We all have different backgrounds…
Some of you reading have been followers of Christ for a very long time, others a fairly new in their walk…
Me, I have been a follower of Jesus for over 25 years (though I am only 30 years old).
The fact is this:
Navigating life’s challenges is tough whether or not you are a Christian.
I think each and every one of us would say that we do our best to avoid falling into sin in our lives…and we would all probably say that we fall short of that often.
The Apostle Paul—arguably the greatest Christ-follower to ever live—dealt with this issue:
For we know that the law is spiritual: but I am carnal, sold under sin. For that which I do I allow not: for what I would, that do I not; but what I hate, that do I. If then I do that which I would not, I consent unto the law that it is good. Now then it is no more I that do it, but sin that dwelleth in me. For I know that in me (that is, in my flesh,) dwelleth no good thing: for to will is present with me; but how to perform that which is good I find not. (Rom. 7:14-18)
We all face this struggle. It was Malcolm Muggeridge who said,
The depravity of man is at once the most empirically verifiable fact at the same time that it is the most intellectually resisted.
And so it goes.
The question is, how to avoid this trap of falling into sin?
Frankly, this is a question with multiple answers, and even multiple kinds of answers…
For example, theologically, we could say “by following Jesus.” That is a true, but incomplete, answer. It’s true—for certain—but lacks practical information.
Practically, we could say something like, “never go out to eat alone with a member of the opposite sex.” That’s a good thing to do as well—but if not theologically informed, it makes little sense. After all, the apes don’t practice such careful tendencies.
The point is that I want to share something with you that I have personally found helpful, and want to be very careful not to give the impression that I view this as the answer or even a significant piece of the whole answer.
Also, it is of the more practical variety than the theological, although I think it is backed by sound Bible thinking.
So here it is: Live in integrity.
Now on the face of it, the saying itself sounds weird, and that’s part of the point. It makes you think.
I am trading on a definition of integrity that informs the more colloquial understanding of the word. Here I am thinking of something like “structural integrity.”
When something is out of integrity, it is incomplete. It is a building unable to stand as intended.
In a sense, as sin-sickened human beings, we will be somewhat out of integrity until we receive a glorified body. But practically, we can do our best to live in integrity.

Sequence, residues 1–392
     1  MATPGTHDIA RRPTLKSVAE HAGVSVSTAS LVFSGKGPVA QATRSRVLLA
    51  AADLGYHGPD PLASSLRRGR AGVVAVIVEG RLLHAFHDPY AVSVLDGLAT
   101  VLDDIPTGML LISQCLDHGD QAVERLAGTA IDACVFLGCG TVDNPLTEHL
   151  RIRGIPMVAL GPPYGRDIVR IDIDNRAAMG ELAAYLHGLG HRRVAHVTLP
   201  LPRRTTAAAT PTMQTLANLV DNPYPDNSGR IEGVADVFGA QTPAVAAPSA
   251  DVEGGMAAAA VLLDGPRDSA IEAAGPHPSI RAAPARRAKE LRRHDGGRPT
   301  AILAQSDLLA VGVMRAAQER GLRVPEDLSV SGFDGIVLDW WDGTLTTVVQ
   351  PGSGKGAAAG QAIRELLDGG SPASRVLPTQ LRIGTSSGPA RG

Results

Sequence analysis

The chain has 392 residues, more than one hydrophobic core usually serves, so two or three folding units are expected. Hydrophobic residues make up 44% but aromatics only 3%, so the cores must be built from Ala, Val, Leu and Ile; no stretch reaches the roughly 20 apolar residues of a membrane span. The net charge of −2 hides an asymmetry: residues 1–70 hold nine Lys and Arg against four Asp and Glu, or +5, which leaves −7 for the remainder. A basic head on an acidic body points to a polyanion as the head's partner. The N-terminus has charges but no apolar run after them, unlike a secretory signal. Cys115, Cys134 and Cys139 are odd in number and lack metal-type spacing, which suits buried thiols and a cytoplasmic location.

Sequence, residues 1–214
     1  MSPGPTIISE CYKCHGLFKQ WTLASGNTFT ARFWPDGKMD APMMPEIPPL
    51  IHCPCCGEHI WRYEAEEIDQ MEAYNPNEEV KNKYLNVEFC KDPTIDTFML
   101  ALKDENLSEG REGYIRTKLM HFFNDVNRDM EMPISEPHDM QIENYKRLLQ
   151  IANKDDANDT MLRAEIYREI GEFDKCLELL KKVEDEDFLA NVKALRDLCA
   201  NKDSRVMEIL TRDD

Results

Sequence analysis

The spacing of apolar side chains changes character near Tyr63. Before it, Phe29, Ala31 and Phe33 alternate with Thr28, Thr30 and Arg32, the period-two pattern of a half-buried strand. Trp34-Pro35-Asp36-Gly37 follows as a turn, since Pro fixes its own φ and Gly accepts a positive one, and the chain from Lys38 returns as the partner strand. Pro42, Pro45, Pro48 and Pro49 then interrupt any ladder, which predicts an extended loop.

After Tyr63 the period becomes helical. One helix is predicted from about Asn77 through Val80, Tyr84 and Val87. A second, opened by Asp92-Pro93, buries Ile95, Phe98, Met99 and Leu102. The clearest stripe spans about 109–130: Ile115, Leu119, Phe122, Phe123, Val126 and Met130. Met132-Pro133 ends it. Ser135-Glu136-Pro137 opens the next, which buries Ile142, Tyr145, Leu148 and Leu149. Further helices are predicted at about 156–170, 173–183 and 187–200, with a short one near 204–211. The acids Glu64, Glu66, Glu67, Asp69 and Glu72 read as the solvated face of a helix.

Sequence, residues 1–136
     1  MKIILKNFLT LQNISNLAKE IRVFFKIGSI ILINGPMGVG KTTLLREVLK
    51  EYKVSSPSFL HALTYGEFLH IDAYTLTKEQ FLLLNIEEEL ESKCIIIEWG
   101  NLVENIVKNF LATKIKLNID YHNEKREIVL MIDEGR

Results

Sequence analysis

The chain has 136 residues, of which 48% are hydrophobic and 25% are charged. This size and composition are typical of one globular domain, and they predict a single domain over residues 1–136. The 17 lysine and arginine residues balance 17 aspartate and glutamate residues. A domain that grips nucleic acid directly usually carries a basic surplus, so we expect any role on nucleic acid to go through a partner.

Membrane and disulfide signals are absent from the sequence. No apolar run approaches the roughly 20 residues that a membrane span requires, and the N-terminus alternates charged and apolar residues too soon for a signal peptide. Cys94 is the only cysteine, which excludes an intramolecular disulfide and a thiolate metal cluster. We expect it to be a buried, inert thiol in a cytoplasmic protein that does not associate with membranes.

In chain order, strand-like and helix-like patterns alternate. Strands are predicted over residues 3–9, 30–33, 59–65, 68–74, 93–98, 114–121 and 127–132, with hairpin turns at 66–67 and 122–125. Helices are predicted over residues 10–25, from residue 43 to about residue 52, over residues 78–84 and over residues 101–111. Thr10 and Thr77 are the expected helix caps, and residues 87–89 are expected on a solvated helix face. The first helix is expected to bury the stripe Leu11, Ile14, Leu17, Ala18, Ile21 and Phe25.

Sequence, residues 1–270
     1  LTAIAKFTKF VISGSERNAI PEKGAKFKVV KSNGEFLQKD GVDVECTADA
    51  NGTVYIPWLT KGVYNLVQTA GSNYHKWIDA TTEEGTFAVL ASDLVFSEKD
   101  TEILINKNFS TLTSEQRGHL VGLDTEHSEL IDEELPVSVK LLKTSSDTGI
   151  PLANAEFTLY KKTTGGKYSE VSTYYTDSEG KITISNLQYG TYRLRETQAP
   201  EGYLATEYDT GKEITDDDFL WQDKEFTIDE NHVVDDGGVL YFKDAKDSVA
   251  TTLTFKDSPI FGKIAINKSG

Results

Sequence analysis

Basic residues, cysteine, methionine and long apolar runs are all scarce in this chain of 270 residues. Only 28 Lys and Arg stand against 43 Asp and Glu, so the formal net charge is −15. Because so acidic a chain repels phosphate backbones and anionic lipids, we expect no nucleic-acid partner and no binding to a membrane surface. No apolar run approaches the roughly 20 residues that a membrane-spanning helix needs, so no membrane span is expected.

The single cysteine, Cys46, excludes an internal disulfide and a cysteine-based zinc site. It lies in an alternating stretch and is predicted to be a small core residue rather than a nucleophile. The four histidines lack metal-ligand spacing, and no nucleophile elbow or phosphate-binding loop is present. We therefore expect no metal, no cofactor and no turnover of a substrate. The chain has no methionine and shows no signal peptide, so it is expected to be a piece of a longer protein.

The concept of “identity” is very psychologically powerful. Yes—we see our identity as being in Christ. However, subconsciously, we attribute other things to our identity (whether we like it or not).
For a long time, I lived with the identity, “I am Steve, the fat guy.” I lived with the mentality that I was always going to be very overweight, and thus, I took actions that were consistent with that identity (continued bad eating habits, etc).
Once I stopped associating with that caricature of the person I truly am, things changed. For me, then, part of being “in” integrity means I am eating in a way that is consistent with my new identity—which, in this context, is “Steve, the guy who eats (1) to fuel his body well and (2) in a way that promotes mental clarify and focus.”
See the difference?
When I eat a Pizza, I am now out of integrity with myself…and that, friends, is a painful feeling.
When you live out of integrity with yourself as a follower of Jesus, you are in sin. I think this is what James was getting at in his letter:
Therefore to him that knoweth to do good, and doeth it not, to him it is sin. (James 4:17)
I find the analogy of structural integrity helpful for this—it makes it something to grasp tangibly. When I commit “x” sin, I place myself out of integrity with Jesus, which in turn places me out of integrity with myself.
Also, this way of thinking helps me to think more carefully about my relationships with others. For example, perhaps the sin I commit is something that directly places me out of integrity with not only myself and with Christ, but with my wife!
Suddenly, it becomes more than just a “pet sin” or something like that—instead, you are going against the fundamental integrity of your “structure,” and you can only strain that so much before it collapses.
I am so glad for the grace of Jesus, aren’t you?
Even when we are out of integrity, he loves us, provides rescue, and will provide ultimate redemption for those who follow him.
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